According to research, warehousing space has spiked in demand and the pandemic has only served to accelerate this trend.
When you click to buy online, there is a good chance that the product will start its journey in a warehouse whether it is baked beans, a laptop, furniture, or fashion. Despite the size of many warehouses, they are now becoming too small and firms are now having to expand their sites or relocate to accommodate the growing demand.
It was not too long ago that warehouses were unloved by investors, who continued to pour their money into retail and office spaces.
But things look completely different now. High streets and town centres are struggling with too much retail space and the logistics sector cannot build warehouses quick enough.
New research conducted by industry experts shows the dramatic increase in warehouse space over the last six years. Back in 2015, there was 428 million square feet of large warehouse space in the UK. This has now risen by 32% – adding the equivalent of an extra 2,396 football pitches.
The occupancy mix has also changed. In 2015, high street retailers were the dominant occupiers, but now they have been overtaken by third party logistics providers, such as DHL and Yodel, who fulfil and deliver most of our online shopping.
The biggest uptake in space comes from pureplay online retailers, firms which do not have physical stores and only sell online, such as Boohoo. These online retailers have increased their warehouse footprint by 614% in just six years.
The properties themselves are also getting bigger, with some warehousing units equating to the size of 10 football pitches. For many businesses, without the size of these properties, they would not be able to function.
Some predictions suggest that for every billion pounds spent online, an additional 775,000 sq ft of warehouse space is required to support the operations.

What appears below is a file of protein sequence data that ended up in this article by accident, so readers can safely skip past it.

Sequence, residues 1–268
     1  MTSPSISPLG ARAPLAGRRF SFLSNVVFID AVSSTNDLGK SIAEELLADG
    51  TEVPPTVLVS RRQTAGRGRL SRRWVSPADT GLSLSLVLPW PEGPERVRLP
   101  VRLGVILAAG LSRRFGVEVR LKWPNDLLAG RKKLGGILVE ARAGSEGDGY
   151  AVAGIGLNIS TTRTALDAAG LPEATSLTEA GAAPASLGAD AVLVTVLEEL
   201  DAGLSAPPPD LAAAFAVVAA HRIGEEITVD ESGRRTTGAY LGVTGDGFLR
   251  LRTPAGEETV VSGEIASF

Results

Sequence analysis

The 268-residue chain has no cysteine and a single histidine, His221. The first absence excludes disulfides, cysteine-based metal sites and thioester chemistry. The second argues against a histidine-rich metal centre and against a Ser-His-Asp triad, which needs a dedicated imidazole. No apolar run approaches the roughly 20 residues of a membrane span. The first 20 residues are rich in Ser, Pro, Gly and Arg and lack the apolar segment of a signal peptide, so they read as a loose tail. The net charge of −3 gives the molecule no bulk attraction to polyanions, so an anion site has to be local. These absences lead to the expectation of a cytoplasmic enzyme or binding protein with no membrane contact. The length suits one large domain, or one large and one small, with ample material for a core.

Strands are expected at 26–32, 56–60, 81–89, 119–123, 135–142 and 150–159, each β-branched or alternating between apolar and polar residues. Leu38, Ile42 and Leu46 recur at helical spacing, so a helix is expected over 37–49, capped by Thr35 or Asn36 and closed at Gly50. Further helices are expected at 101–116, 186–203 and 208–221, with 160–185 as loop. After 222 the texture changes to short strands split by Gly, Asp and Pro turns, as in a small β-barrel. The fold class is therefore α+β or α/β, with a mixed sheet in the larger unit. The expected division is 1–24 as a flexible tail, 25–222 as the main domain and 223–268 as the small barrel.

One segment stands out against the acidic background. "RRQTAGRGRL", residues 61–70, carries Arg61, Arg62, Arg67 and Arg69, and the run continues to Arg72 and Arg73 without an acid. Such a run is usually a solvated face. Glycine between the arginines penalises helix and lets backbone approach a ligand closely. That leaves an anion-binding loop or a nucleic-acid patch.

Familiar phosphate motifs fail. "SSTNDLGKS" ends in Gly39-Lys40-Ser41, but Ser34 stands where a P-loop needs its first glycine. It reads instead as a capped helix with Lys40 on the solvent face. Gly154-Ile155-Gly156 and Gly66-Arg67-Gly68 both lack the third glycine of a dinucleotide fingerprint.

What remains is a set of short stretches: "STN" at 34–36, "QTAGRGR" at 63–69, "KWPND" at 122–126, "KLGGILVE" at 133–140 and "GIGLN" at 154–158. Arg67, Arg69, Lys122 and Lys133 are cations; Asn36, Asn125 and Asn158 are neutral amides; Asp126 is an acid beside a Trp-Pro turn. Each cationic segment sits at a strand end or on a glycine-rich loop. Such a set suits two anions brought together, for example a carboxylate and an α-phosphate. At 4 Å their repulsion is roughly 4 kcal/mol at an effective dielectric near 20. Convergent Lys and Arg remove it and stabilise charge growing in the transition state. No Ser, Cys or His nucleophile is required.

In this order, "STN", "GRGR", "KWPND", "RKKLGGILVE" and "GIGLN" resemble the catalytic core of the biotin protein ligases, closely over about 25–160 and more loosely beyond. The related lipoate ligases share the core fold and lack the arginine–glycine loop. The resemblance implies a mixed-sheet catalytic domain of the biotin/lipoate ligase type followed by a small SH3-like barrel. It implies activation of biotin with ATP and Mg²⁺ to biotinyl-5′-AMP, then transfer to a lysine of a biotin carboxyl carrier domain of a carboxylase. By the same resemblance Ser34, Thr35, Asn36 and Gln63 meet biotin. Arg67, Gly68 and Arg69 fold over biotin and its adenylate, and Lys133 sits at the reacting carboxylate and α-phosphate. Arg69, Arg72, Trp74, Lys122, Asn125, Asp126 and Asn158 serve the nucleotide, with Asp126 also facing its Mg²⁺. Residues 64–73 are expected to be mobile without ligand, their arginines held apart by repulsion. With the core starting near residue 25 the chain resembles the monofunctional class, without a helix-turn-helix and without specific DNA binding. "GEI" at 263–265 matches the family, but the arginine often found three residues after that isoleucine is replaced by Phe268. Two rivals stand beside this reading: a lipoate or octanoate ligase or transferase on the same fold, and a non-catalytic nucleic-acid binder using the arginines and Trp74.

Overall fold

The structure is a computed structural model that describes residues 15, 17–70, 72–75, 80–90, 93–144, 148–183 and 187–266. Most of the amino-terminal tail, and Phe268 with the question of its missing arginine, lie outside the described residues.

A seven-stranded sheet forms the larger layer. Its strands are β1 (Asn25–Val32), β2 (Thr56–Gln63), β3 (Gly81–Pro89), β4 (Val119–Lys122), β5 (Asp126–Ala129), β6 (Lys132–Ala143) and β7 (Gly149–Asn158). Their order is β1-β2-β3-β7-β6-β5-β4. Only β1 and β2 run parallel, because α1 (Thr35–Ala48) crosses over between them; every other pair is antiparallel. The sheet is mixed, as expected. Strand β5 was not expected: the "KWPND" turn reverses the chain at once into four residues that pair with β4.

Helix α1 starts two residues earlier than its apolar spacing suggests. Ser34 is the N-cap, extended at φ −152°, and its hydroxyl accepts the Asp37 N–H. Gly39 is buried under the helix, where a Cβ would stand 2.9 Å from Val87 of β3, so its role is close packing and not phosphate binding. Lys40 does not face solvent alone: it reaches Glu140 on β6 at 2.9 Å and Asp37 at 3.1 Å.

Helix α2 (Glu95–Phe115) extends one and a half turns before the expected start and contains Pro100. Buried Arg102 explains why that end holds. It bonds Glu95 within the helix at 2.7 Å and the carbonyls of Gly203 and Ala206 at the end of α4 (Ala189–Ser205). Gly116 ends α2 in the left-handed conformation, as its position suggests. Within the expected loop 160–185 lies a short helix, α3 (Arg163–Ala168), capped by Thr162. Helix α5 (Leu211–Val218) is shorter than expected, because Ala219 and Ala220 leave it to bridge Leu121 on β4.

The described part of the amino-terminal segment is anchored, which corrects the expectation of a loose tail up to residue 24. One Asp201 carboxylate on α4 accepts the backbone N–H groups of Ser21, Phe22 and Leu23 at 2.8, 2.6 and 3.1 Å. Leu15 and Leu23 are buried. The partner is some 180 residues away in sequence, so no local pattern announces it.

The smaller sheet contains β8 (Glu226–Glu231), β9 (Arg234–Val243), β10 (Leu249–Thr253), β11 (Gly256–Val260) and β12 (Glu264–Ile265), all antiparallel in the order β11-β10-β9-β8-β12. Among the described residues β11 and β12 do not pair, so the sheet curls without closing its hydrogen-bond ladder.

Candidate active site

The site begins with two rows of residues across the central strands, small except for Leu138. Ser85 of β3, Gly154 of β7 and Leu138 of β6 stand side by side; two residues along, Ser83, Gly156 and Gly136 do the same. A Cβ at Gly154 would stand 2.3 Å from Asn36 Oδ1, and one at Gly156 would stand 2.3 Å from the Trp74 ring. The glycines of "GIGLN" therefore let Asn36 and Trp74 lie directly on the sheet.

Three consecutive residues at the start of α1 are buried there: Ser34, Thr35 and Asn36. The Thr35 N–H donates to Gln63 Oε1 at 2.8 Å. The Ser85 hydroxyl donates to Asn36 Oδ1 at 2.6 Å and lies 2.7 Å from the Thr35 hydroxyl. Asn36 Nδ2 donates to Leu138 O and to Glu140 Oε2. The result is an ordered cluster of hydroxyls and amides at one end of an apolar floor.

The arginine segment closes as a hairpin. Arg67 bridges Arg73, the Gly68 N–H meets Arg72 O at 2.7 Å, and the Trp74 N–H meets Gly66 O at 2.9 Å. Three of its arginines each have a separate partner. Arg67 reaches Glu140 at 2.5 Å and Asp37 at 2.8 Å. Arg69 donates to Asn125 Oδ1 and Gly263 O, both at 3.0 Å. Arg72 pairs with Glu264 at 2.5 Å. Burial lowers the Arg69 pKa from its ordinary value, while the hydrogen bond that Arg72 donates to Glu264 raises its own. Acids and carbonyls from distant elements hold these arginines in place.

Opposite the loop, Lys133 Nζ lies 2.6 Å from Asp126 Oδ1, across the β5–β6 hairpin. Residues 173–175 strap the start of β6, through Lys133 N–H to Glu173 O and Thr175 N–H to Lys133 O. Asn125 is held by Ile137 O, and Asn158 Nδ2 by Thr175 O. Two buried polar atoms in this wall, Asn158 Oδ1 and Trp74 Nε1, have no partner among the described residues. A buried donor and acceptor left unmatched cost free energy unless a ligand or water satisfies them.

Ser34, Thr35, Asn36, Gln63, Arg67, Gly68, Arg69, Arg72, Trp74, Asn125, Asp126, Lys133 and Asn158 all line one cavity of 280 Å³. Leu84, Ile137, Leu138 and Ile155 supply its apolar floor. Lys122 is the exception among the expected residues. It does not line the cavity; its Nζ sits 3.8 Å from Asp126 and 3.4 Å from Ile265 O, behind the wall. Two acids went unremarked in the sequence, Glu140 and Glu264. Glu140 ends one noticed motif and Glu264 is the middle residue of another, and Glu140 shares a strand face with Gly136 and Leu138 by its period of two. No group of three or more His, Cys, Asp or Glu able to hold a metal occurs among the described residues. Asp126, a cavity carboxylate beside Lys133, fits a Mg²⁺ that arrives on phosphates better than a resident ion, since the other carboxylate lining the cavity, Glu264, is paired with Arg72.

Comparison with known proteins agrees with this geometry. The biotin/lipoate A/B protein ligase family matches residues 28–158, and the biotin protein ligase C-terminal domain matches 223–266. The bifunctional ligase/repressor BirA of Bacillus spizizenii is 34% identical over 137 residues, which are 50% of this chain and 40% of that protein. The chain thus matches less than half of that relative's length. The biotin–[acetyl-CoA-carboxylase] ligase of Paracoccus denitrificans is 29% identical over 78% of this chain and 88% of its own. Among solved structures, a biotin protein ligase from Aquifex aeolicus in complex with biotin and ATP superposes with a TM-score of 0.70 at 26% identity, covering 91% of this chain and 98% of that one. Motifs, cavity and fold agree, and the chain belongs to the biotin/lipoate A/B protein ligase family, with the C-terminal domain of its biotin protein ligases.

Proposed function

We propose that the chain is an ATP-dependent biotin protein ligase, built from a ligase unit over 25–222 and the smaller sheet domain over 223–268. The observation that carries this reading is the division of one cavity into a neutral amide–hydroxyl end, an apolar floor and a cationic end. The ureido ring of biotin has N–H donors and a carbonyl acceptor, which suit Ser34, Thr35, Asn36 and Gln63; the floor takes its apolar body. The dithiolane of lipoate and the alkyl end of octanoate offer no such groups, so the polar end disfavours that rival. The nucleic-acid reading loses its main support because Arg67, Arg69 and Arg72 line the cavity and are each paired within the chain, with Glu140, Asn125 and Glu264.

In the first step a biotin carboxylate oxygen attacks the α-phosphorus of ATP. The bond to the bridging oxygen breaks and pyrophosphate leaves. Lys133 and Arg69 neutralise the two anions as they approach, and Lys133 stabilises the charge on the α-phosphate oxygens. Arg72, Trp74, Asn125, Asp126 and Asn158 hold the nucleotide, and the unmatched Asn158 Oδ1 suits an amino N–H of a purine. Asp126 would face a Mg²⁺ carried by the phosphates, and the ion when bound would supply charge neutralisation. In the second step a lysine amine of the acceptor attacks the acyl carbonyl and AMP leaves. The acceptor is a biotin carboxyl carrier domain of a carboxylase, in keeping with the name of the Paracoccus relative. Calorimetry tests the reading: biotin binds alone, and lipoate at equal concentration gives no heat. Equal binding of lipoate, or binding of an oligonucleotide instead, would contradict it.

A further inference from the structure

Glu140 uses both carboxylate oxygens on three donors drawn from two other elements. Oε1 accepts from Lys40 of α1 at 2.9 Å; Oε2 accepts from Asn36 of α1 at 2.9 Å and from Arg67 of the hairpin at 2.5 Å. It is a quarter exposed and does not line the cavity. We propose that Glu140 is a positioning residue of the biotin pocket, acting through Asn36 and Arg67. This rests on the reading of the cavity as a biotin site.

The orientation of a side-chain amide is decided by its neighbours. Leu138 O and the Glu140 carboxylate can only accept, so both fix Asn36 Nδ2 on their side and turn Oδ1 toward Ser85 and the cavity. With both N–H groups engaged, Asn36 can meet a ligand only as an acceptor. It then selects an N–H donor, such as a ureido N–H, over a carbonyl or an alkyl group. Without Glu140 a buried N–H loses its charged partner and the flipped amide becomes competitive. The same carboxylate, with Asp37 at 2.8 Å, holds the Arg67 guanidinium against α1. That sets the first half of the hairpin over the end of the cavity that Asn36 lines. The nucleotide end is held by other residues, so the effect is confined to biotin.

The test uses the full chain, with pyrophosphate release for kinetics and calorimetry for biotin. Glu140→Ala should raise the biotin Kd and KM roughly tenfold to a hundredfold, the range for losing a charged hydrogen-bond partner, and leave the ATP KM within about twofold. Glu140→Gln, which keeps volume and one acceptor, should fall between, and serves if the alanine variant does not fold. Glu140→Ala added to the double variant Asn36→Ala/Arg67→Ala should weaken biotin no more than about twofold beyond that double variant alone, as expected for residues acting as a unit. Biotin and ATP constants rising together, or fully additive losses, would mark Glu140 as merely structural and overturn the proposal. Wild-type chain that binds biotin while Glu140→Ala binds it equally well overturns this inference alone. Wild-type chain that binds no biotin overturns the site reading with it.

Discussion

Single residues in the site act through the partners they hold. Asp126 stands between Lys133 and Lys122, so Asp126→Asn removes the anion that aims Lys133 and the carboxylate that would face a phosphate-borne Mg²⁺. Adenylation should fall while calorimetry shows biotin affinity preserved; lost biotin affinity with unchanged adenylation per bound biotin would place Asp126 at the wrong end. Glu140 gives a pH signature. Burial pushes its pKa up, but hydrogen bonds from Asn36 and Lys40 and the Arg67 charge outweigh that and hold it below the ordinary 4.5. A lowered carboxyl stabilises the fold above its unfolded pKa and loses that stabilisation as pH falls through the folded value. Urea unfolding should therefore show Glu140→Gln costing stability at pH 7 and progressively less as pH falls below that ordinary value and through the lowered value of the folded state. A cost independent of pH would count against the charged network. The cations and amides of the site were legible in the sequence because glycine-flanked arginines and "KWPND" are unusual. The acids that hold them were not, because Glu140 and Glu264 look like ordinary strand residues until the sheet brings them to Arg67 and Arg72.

Evidence has also shown that as online retail has grown, the type of people required in warehousing has changed too. Now there are robotics engineers and data scientists, showing the requirements for technical excellence to gain efficiencies.
Statistics gathered by researchers who track how much warehouse space companies require showed that demand increased by 232% in the first quarter of this year, compared to the same period in 2020. This figure reflects the change in shopping habits since the first lockdown.
While these figures may seem impressive, it must be recognised how important this fast-growing sector is to the economy. Despite plans to build 250,000 new homes each year in the UK over the next five years, the fact that this will create over a million new delivery points is a huge concern. Some believe that warehousing should be incorporated into a planning policy, in the same way that GP surgeries and schools are an accepted part of infrastructure planning.
Mark Richardson, Partner at BB&J Commercial said “It is widely known that warehouse distribution is a rapidly growing sector, and that demand outstrips supply. However, seeing the figures in black and white really does give some idea as to how exponential this growth has been. It is interesting to look at the time frame over which this growth has taken place. It’s only been a short few years, and if the projected growth follows the usual ‘S- curve’ for emerging technologies and trends I would expect demand to only increase over the next several years before steadying off.”
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